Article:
Carla reflects on the increased changes in healthcare practice due to COVID-19 and the opportunities this brings to digital health.
The rapid implementation of social distancing has had profound effects on the healthcare industry. A large proportion of GP appointments are now being carried out remotely and many clinical trials are moving to the virtual space. This shift in practice is providing opportunities for the digital health industry, which has been emerging over the last decade. One exciting segment of this industry is healthcare gamification; apps and technology which apply game elements and mechanics, to improve knowledge and change behaviours in health.
Gamification technology has shown multiple benefits and has been shown to promote positive behaviour change for different conditions including obesity, sexual health and medication adherence (Podina et al, 2017; Gabarron et al, 2013; Rahim et al, 2017). The success of gamification technologies for behavioural change is linked to their ability to motivate patients and improve knowledge and skills (capability), two key pillars required for behaviour change (Michie et al, 2011). Furthermore, due to the widespread uptake of video games, gamification provides patients with information and interventions in a highly recognisable and accepted format.
Our Glasgow-based company Game Doctor (this link will take you away from our website) has been exploring gamification technology since 2016. In collaboration with healthcare organisations and universities, we develop mobile games to educate and change behaviours for complex health topics. Previous projects include our recent collaboration with Public Health England (PHE), where we developed a suite of mobile games on vaccinations and sexual health. The games have been implemented in schools across Scotland and Gloucestershire and will be used by PHE for patient and public outreach.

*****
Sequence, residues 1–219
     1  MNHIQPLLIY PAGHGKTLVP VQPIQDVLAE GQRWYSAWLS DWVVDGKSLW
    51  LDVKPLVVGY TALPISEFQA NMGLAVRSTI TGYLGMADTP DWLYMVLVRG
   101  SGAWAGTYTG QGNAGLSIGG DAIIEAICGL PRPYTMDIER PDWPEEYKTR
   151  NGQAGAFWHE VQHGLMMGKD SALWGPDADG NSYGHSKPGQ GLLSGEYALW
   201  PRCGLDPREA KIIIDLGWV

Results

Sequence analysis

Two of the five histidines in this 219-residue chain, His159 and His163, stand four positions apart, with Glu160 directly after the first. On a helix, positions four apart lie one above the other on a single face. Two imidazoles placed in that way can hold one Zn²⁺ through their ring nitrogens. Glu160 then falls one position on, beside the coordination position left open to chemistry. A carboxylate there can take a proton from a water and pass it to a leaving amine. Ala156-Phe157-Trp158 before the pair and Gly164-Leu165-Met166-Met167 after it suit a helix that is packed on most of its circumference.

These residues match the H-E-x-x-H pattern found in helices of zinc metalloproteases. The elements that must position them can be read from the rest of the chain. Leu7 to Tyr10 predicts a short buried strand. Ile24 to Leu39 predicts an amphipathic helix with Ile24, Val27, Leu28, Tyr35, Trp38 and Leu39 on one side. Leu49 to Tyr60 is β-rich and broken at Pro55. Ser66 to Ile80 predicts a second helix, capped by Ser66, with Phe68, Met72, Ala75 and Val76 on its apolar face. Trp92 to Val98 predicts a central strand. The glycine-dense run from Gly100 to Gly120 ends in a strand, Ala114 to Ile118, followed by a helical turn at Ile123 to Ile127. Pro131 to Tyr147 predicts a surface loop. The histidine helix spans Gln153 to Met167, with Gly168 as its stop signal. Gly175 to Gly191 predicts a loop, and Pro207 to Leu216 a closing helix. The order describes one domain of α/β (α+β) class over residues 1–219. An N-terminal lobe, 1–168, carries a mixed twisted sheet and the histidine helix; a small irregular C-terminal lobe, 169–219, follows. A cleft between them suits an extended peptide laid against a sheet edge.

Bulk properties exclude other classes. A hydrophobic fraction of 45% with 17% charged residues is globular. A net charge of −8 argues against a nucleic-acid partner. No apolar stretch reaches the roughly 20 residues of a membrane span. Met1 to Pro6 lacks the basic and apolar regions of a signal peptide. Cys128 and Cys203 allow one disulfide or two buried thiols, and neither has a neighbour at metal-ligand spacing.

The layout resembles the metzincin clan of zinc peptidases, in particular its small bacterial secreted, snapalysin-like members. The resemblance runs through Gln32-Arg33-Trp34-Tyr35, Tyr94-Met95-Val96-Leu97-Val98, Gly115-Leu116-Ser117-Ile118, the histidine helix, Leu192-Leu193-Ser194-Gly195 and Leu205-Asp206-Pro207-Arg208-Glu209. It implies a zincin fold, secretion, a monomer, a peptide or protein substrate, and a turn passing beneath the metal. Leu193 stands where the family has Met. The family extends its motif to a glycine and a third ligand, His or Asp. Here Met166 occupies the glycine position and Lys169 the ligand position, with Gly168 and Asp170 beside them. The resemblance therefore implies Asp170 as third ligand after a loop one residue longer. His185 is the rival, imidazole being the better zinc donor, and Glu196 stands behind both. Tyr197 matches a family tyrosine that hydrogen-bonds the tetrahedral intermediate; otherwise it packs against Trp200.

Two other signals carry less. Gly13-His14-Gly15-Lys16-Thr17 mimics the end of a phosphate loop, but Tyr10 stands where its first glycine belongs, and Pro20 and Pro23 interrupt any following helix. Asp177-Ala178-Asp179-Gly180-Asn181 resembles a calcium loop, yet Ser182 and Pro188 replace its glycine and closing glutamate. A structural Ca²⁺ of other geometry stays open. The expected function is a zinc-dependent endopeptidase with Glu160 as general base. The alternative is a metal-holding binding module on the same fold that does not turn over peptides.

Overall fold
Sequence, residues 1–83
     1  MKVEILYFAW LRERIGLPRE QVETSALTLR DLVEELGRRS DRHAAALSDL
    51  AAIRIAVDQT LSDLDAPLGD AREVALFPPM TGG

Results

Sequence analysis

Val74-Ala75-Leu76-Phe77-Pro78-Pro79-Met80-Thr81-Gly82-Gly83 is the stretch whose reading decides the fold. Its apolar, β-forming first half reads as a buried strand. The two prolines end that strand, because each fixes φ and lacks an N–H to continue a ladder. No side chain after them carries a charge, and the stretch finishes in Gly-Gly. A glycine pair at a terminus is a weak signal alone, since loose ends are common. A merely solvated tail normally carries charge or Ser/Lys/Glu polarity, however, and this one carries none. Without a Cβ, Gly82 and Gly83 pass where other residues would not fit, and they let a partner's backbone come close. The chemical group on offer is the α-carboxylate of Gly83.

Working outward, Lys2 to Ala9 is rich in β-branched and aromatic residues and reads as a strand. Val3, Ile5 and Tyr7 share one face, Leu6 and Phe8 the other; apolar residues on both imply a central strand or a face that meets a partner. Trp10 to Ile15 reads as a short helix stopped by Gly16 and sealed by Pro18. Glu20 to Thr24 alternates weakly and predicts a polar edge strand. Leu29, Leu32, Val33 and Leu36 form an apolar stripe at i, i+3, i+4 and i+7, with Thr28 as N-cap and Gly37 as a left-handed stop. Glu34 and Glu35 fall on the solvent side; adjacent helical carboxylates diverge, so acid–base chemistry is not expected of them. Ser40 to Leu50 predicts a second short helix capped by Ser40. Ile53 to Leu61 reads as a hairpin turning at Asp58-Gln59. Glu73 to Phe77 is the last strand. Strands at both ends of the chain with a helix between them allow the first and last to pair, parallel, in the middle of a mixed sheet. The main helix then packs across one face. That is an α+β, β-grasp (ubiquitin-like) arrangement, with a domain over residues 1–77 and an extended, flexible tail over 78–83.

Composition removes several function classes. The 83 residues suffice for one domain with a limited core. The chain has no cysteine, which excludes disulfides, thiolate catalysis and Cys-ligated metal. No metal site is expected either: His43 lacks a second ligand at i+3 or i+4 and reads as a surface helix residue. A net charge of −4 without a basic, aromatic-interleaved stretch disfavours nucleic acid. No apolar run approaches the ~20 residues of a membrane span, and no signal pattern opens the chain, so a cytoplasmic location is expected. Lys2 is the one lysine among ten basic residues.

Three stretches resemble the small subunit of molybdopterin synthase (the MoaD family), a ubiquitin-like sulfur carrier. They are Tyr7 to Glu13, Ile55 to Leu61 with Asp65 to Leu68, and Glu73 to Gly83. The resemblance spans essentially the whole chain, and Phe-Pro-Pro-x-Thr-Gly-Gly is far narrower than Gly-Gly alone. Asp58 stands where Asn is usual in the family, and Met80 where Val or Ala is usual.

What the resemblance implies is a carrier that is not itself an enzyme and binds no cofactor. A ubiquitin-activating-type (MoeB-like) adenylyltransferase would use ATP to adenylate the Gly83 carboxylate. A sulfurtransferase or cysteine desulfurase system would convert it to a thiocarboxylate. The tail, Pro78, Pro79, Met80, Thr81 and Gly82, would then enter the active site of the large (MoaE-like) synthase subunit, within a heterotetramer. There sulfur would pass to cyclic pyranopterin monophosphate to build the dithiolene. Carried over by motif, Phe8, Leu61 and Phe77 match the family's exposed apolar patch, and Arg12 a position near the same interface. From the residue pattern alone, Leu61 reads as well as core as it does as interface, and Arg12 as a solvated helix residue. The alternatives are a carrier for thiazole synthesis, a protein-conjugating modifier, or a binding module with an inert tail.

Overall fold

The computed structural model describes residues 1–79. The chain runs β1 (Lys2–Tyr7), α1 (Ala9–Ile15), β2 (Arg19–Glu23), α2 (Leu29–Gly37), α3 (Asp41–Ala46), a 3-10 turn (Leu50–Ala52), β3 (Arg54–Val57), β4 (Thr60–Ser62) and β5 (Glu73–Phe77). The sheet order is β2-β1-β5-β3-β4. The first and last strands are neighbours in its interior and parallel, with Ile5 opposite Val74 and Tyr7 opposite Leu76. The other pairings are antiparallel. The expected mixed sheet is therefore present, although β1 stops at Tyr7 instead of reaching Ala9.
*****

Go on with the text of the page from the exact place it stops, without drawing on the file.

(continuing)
To support the COVID-19 response, we are developing gaming technology for young people, to reduce anxiety and improve adherence to government guidance. The game will focus on vaccine and antivirial development and will include real research in collaboration with our partners at Queens Belfast University, University of Stirling, The Data Lab and University of Glasgow.
Backend analytics will measure players’ knowledge and behaviours towards COVID-19 throughout the pandemic. We aim to use this data, in collaboration with government data, to assess the impact of COVID-19 on young people. Through this work we also aim to further evidence the effectiveness of gamification technology for health education and behaviour change.
In the coming year, we anticipate increased uptake of gaming technologies in healthcare as patients react and adapt to reduced availability of traditional services. Despite the challenges surrounding the COVID-19 outbreak, a shift in healthcare practices has the potential to have significant benefits on society. As more patients embrace technology, it is likely that we will see improvements in the nation’s health, and generation of new classes of health data. Unlike current methods for data collection, digital technologies are able to collect real-time data from immense numbers of patients, which often can predict future trends and behaviours. At Game Doctor, we aim to be at the forefront of this work through our gaming applications and analytics. By tracking real-time behaviours and attitudes of players, we aim to build an innovative dataset that can be used by NHS and government organisations for intervention development and capacity planning during COVID-19 and for future generations.